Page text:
Hendrix’s campus was put under a tornado warning, as was most of Conway, during the early morning hours of March 7th. This came after a previous tornado warning was declared for campus on February 28th. Hendrix students, those that were awake, were left to scramble for cover in their residence halls and apartments as a precaution in case a storm really did hit campus.
According to Faulkner County’s Office of Emergency Management, a “tornado watch” is declared when conditions are favorable for a tornado to develop. A “tornado warning,” on the other hand, comes when radar indicates a tornado has landed or when a funnel cloud has been sighted. Both are very serious situations, and require people in the areas under the watch or warning to pay close attention and take precautions.
Hendrix found itself in and out, and then back in, the warning zone for a tornado in the (very) early hours of March 7th.
“The last round of storms was unique because instead of just heading over us and traveling to the southeast, we were just in that line and kept getting hit,” Michael LeBlanc, Director of Public Safety, said.
Hendrix sent out H-Alerts, and some students were able to hear the tornado sirens the city of Conway set off during the warning. The closest tornado siren to campus is over by Wal-Mart, according to Dean of Students Jim Wiltgen. Hendrix and Conway are not always on the same page, in terms of H-Alerts and the tornado sirens both being present to warn students at the same time. During the tornado threat on February 28th, for example, students in the SLTC were urged to seek shelter in Worsham before the sirens even sounded.
Dean Wiltgen recommends that all students download the National Weather Service’s Red Alert app for their phones, or at least sign up for their mobile alerts.
“We’ll always do an H-Alert when we have tornado warnings and you have to have that, but you have to remember the way tornados work,” Dean Wiltgen explained, “It’s a very limited time to do that in. We encourage folks to get CodeRed so they don’t have to wait on the H-Alert, that’s where we get our information so they don’t have to wait for us to repost it.”
Dean Wiltgen also recommended the Storm Tracker app, where can see where the National Weather Service has plotted out the path for the major storm warnings they issue.
There are some simple tornado safety tips to keep in mind in case Hendrix finds itself under another storm warning. “
You need to know a couple of things: shelter yourself in the lowest point in the building, away from windows, ideally in the center of the building,” Dean Wiltgen said.
Officer LeBlanc offered advice to students that find themselves on the road when the warning hits.
“Find a low-lying area like a ditch or get under a bypass,” LeBlanc said. “Get to an area where you’re not stuck out in the open, as the biggest danger in a tornado is flying debris. The best thing to do is to try to have a plan, and be cognizant of that before you go out.”
Tornado warnings may not always seem worth taking seriously since campus is not in the direct path of tornados, but Officer LeBlanc attempted to put those concerns in context.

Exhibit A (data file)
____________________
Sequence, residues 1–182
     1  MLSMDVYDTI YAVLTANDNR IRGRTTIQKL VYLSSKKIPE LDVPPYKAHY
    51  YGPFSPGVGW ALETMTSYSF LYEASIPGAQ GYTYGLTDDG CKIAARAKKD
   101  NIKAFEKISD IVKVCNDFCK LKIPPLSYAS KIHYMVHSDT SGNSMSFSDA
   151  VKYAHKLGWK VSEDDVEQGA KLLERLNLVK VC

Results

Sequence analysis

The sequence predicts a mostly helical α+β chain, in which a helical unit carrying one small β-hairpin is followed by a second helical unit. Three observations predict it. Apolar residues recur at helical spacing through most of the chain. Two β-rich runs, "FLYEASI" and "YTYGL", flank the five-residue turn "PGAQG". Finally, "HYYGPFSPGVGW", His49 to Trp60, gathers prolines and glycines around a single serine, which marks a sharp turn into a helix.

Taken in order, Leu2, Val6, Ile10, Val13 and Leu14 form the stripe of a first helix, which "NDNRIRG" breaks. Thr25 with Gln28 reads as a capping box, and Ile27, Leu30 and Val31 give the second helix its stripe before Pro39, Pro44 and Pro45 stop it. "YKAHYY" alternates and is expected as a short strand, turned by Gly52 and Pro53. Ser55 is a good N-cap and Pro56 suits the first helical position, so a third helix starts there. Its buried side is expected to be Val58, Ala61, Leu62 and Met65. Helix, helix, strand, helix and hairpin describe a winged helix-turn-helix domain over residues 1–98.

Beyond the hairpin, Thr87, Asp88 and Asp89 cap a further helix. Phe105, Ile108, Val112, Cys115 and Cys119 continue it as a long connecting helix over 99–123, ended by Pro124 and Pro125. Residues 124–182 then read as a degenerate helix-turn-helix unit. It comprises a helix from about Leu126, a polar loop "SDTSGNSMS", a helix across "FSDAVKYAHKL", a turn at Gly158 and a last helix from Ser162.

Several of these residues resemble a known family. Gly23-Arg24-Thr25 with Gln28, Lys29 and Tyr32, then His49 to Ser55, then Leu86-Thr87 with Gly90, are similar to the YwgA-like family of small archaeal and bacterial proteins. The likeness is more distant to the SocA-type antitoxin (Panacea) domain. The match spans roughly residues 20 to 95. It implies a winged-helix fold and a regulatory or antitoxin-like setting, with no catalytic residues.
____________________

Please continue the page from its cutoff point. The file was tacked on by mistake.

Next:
“Is it an inconvenience to have to take shelter? It is,” LeBlanc said. “But is that inconvenience worth getting it wrong and being in the wrong place at the wrong time?”
How did Hendrix students spend the tornado warnings?
Kathleen Mowery ‘18, Raney RA:
What’d you do/how’d you respond?
I actually didn’t wake up for the first one. I didn’t hear my phone buzzing or wake up at all. I did wake up sometime around 3 or 3:30 to the sirens and my phone and that time I got up. I went downstairs, knocked on another RAs door to wake them up, and then we went upstairs to knock on residents doors to let them know there was a tornado warning. Residents aren’t required to go to the safe place but making sure they were awake to make that choice was important. Then we just guided people to the guest bathrooms (our stairwells have windows for some reason so they aren’t safe). I also had to unlock the hall council closet because there wasn’t enough room in both the guest bathrooms for everyone even though the guest bathroom in the lobby is huge. It wasn’t all that exciting but no one yelled at us for waking them up so that’s a plus!
Got any tips for your residents (or any students) about what to do in these situations?
Not really. I’m a huge fan of choosing what you want to do and all so stay in your room if you want by all means. but if an RA bangs on your door about a tornado, they aren’t doing it for fun. Or at least I’m not?
Lexi Adams, ‘17:
So, I’m from Kansas where we get tornadoes all the time so warnings like that don’t freak me out, they actually feel pretty adventurous. Right before the first warning at like 2 a.m. my pals and I had decided to go out to the nice gazebo have a poetry night. We read poetry for like an hour before we heard the sirens and then sprinted back to my apartment at Front in the rain while listening to the warning. It felt quite adventurous.
Faizan Khan, ‘17:
Literally slept right through it, it was some of the best sleep I’d gotten in a while.
Nikola Hoyt, ‘20:
I literally slept through every single one of the tornado alarms. I debated going to the stairwell but I was too tired and comfortable.
Abigail Augusta Lee, ‘17:
Per the manager’s request, I was sequestered away in the Highway 65/Bryant Starbucks’ (the one closest to Hendrix) bathroom for half an hour. Any of the baristas I wasn’t already friends with, are now friends. Someone tried to come through the drive thru while the warning was in full effect and they were really put out when one of the baristas had to explain that the store was currently following emergency procedures and they could not, in fact, make them a drink at the moment.